Multinationals face new pressures in grocery stores

Consumers increasingly want fresh, unprocessed food. The middle of the store now sees less traffic and that’s clearly affecting sales for most grocery products

Skippy peanut butter and Dad’s chocolate chip cookies are gone from the Canadian marketplace. If you feel sad about seeing these iconic brands go, brace yourselves. It’s just the beginning.

Within days, two major U.S.-based food multinationals pulled well-known brands from the Canadian market. Mondelez International discontinued the iconic Dad’s cookies and Hormel Foods pulled Skippy peanut butter from the Canadian market.

National brands are losing ground to private labels and fresh products. Grocery retailers revamp stores to expand the perimeters where produce, bakery, deli, meat and seafood occupy space. This means companies such as Sara Lee, Kraft Heinz, Hormel, Mondelez and Kellogg’s are losing ground.

Consumers spend about 74 per cent of their time in a store’s perimeter, where all the fresh products are displayed. This trend is increasing as more consumers look for fresh, unprocessed food. The middle of the store now sees less traffic and that’s clearly affecting sales for most grocery products.

Grocers are desperate to generate more business in the centre of stores. They’re innovating and launching new product categories, some through their own brands.

But managing a food store is a merchandising nightmare compared to 30 years ago. The number of food items in a typical store has increased by more than 600 per cent over the last few decades. Consumers are bombarded with choices.

Recent food retailing miracles like coffee pods and gluten-free products have garnered some fascinating results. But such items can go only so far and both show signs they’ve reached their full potential.

Short of changing store design, what’s at stake is shelf space. Real estate in store aisles can be expensive for national brand owners. In addition to listing costs, companies pay a premium to effectively display their brands. Meanwhile, grocers try to promote their private labels since margins are much higher. Major food processors have had to pay more to get consumers’ attention.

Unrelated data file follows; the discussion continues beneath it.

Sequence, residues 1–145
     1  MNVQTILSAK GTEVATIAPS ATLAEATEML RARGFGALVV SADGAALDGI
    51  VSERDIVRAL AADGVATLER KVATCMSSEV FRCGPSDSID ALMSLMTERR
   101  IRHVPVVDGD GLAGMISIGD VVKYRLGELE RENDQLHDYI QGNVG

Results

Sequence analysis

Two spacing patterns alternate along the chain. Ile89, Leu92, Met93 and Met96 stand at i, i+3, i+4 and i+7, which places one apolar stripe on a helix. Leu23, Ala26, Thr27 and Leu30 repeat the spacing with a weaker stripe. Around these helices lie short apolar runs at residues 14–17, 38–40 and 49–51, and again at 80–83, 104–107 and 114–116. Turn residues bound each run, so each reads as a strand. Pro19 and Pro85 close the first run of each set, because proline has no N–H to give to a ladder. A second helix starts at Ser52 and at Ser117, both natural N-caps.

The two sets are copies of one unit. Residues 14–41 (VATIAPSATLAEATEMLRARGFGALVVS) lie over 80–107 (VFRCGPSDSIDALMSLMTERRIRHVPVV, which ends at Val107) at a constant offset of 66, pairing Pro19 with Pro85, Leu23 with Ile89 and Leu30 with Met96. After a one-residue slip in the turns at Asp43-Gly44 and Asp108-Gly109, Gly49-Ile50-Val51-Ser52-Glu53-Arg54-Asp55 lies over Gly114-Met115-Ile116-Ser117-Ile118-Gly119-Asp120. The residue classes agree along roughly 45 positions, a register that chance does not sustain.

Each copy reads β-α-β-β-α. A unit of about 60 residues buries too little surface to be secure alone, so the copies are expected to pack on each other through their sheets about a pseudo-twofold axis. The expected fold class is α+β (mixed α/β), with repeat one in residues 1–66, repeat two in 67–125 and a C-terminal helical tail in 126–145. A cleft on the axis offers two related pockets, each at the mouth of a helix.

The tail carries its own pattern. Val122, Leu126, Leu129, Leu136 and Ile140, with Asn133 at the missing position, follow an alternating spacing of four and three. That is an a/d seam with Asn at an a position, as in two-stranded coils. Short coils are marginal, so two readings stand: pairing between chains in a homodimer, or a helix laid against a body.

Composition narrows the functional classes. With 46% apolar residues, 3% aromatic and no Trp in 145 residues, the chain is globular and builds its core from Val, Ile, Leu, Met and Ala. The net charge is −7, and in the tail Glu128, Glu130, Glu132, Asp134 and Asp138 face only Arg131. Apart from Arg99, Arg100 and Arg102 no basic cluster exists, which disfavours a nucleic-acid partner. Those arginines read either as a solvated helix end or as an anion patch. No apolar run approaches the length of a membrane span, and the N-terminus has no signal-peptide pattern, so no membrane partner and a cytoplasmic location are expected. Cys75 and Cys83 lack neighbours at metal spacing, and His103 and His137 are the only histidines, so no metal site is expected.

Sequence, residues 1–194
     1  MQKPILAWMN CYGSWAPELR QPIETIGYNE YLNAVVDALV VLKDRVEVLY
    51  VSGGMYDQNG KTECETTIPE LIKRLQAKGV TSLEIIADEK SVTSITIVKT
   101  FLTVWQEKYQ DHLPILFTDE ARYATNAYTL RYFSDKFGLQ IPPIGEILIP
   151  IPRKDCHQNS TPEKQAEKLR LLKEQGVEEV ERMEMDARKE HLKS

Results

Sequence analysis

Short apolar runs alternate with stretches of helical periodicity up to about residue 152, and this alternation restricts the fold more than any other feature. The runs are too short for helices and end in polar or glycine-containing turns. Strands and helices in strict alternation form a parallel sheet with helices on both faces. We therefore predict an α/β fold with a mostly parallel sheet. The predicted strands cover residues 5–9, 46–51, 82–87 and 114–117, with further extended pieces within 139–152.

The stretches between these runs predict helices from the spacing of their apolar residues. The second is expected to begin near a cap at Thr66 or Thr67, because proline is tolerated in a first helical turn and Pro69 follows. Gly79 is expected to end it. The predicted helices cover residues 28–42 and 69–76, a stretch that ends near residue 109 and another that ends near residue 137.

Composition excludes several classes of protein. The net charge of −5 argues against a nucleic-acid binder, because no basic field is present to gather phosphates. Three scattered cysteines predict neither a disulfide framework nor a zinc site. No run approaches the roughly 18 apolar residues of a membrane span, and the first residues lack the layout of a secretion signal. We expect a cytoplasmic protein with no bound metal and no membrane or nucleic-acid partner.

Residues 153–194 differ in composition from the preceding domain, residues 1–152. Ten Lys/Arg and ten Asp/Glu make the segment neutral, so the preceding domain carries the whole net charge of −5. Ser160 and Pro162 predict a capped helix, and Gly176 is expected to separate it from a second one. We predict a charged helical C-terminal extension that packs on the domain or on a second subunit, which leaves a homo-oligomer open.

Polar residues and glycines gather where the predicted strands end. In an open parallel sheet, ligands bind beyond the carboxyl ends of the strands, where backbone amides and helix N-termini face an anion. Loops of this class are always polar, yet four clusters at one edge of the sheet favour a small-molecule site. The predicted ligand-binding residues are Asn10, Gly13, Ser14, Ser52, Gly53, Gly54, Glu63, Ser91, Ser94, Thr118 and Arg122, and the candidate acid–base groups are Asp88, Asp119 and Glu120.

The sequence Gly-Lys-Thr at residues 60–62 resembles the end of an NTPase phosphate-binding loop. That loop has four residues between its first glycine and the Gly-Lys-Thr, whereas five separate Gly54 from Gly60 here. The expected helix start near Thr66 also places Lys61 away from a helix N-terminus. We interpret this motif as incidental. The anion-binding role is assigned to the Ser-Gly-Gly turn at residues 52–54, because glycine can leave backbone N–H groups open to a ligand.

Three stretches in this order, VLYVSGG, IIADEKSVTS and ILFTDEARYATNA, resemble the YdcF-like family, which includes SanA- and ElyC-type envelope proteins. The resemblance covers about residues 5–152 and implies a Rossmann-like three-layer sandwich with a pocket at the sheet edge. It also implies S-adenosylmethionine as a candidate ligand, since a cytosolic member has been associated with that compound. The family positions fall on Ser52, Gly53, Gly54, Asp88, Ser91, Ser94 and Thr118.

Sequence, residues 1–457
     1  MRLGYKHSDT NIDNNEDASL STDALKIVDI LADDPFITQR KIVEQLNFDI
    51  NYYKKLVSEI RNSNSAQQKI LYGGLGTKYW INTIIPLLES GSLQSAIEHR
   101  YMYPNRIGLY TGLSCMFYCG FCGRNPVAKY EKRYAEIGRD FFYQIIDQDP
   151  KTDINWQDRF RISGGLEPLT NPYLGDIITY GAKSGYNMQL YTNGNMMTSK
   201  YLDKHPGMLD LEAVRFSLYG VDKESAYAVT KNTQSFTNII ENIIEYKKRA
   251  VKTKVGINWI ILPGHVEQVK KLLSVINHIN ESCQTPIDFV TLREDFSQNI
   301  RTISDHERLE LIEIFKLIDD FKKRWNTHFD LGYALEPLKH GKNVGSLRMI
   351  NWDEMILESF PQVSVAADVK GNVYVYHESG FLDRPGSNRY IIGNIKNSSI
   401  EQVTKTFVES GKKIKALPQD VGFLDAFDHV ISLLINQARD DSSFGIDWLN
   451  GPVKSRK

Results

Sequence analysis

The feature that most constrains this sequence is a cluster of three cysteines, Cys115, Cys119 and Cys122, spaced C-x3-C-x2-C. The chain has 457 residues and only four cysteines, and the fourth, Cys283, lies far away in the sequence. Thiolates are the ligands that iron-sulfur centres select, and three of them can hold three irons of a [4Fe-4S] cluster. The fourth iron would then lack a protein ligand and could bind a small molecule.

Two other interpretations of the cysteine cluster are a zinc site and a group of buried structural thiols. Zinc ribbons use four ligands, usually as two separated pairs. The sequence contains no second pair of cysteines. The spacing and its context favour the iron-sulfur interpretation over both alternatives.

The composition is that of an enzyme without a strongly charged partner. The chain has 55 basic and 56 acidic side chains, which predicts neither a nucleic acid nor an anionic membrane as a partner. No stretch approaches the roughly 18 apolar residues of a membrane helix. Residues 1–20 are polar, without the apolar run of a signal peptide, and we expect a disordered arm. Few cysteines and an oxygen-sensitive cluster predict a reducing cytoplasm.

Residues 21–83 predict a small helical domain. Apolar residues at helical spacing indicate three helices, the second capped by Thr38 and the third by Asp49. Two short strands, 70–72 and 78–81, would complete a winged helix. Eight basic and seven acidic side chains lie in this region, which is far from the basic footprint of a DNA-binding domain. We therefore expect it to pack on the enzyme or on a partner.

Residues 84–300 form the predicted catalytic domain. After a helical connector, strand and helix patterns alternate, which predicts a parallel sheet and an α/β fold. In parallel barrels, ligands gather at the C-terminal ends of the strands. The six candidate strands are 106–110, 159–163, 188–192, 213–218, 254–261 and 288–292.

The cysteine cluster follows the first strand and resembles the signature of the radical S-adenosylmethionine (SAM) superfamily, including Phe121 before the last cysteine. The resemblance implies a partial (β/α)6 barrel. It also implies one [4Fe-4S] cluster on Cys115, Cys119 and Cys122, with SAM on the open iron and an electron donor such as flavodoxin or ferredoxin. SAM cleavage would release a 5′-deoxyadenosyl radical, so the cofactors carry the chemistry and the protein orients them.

Higher input costs and the will to build economies of scale have led to greater consolidation in global food processing, with more to come.

Several Canadian grocers are pressuring multinationals by asking them to reduce wholesale prices. Some of these requests have even been shared with media. They made the requests to reduce prices simply because they can. Unlike in the U.S., just a few players dominate Canadian food retailing. That means the main grocers dictate pricing across the system. Still, profit margins remain modest due to higher than average logistical costs and demographic issues. So this vendor-grocer tug of war will likely continue.

The Canadian market is tricky for major processors. With barely 37 million consumers in one of the largest countries in the world, logistical costs can be prohibitive. Companies need a comprehensive portfolio of brands and only large operations like Nestle and PepsiCo can afford to continue products in Canada while selling the same products elsewhere.

Smaller processors are becoming more strategic about what and where to sell. And a more targeted approach even has more merit for the big players. Many multinationals, like food-service giant McDonald’s, have learned that the hard way.

Seeing major national brands leave the marketplace isn’t necessarily undesirable. In fact, it could lead to greater opportunities for Canadian entrepreneurs. Canadian-based food processors could fill the void with local food products.

If we can just embrace food innovation, make more venture capital available to entrepreneurs, get more skilled labour and improve market access, domestically and internationally, we should see more domestic food processors succeed.

This won’t happen overnight – we have a lot of work to do. A strong food processing sector increases the chance for any nation to gain control of its food destiny. This is certainly worth pursuing.

Sylvain Charlebois is  Senior Fellow with the Atlantic Institute for Market Studies, dean of the Faculty of Management and a professor in the Faculty of Agriculture at Dalhousie University, and author of Food Safety, Risk Intelligence and Benchmarking, published by Wiley-Blackwell (2017). 


The views, opinions and positions expressed by columnists and contributors are the author’s alone. They do not inherently or expressly reflect the views, opinions and/or positions of our publication.

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